Thank you, Joe, for showing our kids how to be servant leaders. You serve our family and community daily. There are no words to tell you how much we love and appreciate you, honestly. Thanks for being the best dad and husband. Love you! –Kate

Thank you, Dad! You’ve done so much for me throughout my life, and now you are there as the best Poppa to Kinsley + Jack. Your love and support will always be dear to me.

I love my Dad so much. He’s always there for me. He loves hanging out and playing RC cars with me. I can’t see my life without him. My dad is always supportive and he’s the best dad ever. Happy Fathers Day, Josh Holbrook.

Love, Kate

Love, Brady

Dad, I cannot say much yet but I love you so much. Thank you for working so hard for our family and putting God first. Mom and I love you! Love, Joe

Happy Father’s Day to Jerry, my high school sweetheart + amazing dad to Zachary, Audie + Nolan… and our furbabes, too. We love you to the moon and back, always + forever. Love, Jen

I love you most when you are loving on our grandchildren. Happy Father’s Day, Tom. Love, Leslie

Steve is a wonderful example of a father - he provides, protects, and loves his family sacrificially. Plus he's pretty funny. We love you Dad!

Thank you for being such an amazing dad to our kids and the most fabulous granddad!

Love, Shelby, Kelsey, Karly & Dan

Love, Jenny LAKElife Magazine June 2021

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PRO TIP The Investment in a Lake Home

Tip: With 400 lakes in northeast Indiana, there are thousands of lake homes used as primary and vacation homes. Do I believe this is a great investment? Do I ever! It can be a terrific financial investment. There are only a finite number of lake front lots and homes and ample demand.

WARNING: Could Cause Extreme Hunger!

It is much more fun to get to live in and enjoy this investment vs. looking at it in the stock market. Yes, real estate fluctuates, but not nearly as quickly as stocks. All the while it is a tangible investment that can add to the quality of your life. It is a wonderful investment in your own well-being. The property will provide relaxation, recreation, and unstructured time with family.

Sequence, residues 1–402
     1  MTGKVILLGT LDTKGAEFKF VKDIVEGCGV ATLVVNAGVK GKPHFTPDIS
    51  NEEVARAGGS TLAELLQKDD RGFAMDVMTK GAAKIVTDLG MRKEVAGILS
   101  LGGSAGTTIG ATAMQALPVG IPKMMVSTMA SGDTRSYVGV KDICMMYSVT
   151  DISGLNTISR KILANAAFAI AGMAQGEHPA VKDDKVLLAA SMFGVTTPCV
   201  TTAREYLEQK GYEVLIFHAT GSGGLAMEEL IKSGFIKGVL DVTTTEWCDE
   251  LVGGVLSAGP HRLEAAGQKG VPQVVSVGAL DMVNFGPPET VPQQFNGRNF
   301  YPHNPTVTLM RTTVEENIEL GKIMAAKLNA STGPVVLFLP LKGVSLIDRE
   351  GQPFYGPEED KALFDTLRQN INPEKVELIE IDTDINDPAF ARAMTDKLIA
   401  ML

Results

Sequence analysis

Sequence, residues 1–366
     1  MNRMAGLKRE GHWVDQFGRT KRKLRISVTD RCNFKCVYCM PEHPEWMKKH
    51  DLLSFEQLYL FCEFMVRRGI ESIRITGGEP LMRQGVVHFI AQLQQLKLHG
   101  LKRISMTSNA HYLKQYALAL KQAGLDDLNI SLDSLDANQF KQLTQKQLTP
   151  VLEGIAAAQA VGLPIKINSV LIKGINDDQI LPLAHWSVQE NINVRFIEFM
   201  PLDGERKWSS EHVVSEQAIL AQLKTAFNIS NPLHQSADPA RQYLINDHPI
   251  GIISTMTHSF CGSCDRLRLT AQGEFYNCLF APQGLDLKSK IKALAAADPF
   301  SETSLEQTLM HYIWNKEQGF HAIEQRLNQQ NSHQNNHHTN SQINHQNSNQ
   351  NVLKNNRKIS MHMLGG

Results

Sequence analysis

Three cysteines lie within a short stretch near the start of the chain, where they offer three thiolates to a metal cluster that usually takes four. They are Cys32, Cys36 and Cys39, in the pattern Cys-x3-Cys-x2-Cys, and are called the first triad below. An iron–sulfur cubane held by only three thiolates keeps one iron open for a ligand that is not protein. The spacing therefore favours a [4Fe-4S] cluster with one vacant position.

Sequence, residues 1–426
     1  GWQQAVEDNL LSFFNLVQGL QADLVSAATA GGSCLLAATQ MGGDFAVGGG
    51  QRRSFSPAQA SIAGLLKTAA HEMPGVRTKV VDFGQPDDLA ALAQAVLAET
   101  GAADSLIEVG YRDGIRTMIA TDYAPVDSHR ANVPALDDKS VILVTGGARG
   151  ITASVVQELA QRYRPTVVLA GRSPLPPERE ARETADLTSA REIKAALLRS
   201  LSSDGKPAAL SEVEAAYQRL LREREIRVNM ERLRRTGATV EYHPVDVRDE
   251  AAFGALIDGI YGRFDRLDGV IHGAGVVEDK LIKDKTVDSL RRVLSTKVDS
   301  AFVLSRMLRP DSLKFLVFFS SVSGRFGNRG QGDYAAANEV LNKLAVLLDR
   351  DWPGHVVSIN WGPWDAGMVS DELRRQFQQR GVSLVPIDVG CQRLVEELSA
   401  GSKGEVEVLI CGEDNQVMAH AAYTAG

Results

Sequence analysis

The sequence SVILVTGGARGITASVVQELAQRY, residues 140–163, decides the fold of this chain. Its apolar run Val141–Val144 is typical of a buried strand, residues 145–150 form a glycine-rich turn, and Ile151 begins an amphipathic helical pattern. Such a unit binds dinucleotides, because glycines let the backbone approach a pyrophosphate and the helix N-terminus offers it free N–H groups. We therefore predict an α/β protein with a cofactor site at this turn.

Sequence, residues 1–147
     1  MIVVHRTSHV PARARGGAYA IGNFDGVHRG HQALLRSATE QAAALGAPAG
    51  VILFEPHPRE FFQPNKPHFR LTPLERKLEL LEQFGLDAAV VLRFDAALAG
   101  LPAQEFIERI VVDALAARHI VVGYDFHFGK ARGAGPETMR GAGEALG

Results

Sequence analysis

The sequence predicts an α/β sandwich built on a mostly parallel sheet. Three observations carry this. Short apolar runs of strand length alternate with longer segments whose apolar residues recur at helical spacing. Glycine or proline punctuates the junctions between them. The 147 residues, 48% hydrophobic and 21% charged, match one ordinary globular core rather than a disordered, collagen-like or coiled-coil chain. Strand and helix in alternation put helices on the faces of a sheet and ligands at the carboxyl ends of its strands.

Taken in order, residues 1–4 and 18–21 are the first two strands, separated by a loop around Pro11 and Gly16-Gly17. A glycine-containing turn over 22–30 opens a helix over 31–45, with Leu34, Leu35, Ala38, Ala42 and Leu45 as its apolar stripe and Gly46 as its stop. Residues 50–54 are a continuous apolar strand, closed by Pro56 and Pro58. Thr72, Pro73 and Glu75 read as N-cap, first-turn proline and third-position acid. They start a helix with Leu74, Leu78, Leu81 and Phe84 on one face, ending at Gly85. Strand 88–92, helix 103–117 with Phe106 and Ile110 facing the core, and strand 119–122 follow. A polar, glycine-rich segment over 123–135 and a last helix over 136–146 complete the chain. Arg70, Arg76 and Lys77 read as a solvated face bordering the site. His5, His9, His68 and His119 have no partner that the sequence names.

Lynn Reecer, Real Estate Advisor/Broker Associate Encore Sotheby’s International Realty 260.385.9866 lynn.reecer@encoresothebysrealty.com

BREWERY • RESTAURANT • BAR • FAMILY ROOM

10201 N SR 13 | SYRACUSE | 574.337.1308 76

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Are you an expert in your field and have a tip to share? Send it in to sue@lakelifemagazine.com.


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Auto • Home • Business • Property • Life • Health 1101 S. Huntington St., Suite 2 • Syracuse LAKElife Magazine June 2021

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WATER FUN | Water Fun + Fishing

Hooked on

Antique Fishing Lures A by Mike Petrucelli photos courtesy of indianafishinglures.com

Some 25,000 years ago, a prehistoric artist carved a relief of a salmon into the wall of the Abri du Poisson (Fish Rock Shelter) Cave in France. Millennia later, a lot of ink is spilled and a lot of pixels are posted about fish and fishing. And, why not? Fishing is a means of survival, a job, and a pastime. Why shouldn’t it also manifest as art?

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rt is where you find it. In the case of fishing, you can see that kind of expression in antique fishing lures that date back to the early 1900s.

“A lot more detail went into them, a lot more thought went into them,” said Travis Dunn, who collects antique fishing lures made in Indiana and displays them on his website and blog, indianafishinglures.com. “They were different than the ones now that you use only a few times.”

Dunn has collected antique Indiana lures for about 15-20 years now, when an eBay search for a Rapala bass lure he was looking for turned up some vintage baits that were selling for $50, and even as much as $100. He got interested in the history of some of these unusual-looking lures and he was, well, hooked. “It was kind of like treasure hunting. I just started collecting old lures,” he said.


Fishing Facts As with anything wildlife-related, there are rules. The Indiana Department of Natural Resources has a comprehensive listing of fishing license costs and requirements (you can buy a year-long license as well as a single-day license), catch limits, size requirements, and other regulations.

The Stuff They’re Made Of

The oldest ones, he said, tended to be metal, but manufacturers started using more wood, with different color schemes and fun adornments, like glass eyes. Another material that became popular was called Tenite, which was a type of plastic developed in 1929. Despite it being plastic, Dunn said, it tended to degrade over time.

Cooks Plug lure

Artful Designs

But the designs, while ostensibly supposed to mimic something a fish would want to eat, went from the straightforward (think a replica of a minnow) to the avant-garde (the whirl oreno, made by the South Bend Bait Co., one of the largest fishing tackle manufacturers in the country), to the downright kitschy (as evidenced by the South Bend-made Lloyd’s Mermaids, which were lures that were shaped like, you guessed it, mermaids).